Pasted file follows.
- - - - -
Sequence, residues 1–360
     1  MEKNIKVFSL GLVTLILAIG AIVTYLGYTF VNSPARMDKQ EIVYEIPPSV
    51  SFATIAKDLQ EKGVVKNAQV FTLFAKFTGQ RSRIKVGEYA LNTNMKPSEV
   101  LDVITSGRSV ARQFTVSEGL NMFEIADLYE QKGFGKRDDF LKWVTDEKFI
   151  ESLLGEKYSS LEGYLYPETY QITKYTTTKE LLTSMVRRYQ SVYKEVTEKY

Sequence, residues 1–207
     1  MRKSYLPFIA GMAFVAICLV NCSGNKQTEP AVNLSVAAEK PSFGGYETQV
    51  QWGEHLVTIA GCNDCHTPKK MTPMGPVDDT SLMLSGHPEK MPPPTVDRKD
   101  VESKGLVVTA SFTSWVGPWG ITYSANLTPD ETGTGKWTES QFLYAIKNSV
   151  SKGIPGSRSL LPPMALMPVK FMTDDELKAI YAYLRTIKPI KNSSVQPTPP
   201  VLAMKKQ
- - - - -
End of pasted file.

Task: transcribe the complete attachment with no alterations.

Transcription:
Sequence, residues 1–360
     1  MEKNIKVFSL GLVTLILAIG AIVTYLGYTF VNSPARMDKQ EIVYEIPPSV
    51  SFATIAKDLQ EKGVVKNAQV FTLFAKFTGQ RSRIKVGEYA LNTNMKPSEV
   101  LDVITSGRSV ARQFTVSEGL NMFEIADLYE QKGFGKRDDF LKWVTDEKFI
   151  ESLLGEKYSS LEGYLYPETY QITKYTTTKE LLTSMVRRYQ SVYKEVTEKY

Sequence, residues 1–207
     1  MRKSYLPFIA GMAFVAICLV NCSGNKQTEP AVNLSVAAEK PSFGGYETQV
    51  QWGEHLVTIA GCNDCHTPKK MTPMGPVDDT SLMLSGHPEK MPPPTVDRKD
   101  VESKGLVVTA SFTSWVGPWG ITYSANLTPD ETGTGKWTES QFLYAIKNSV
   151  SKGIPGSRSL LPPMALMPVK FMTDDELKAI YAYLRTIKPI KNSSVQPTPP
   201  VLAMKKQ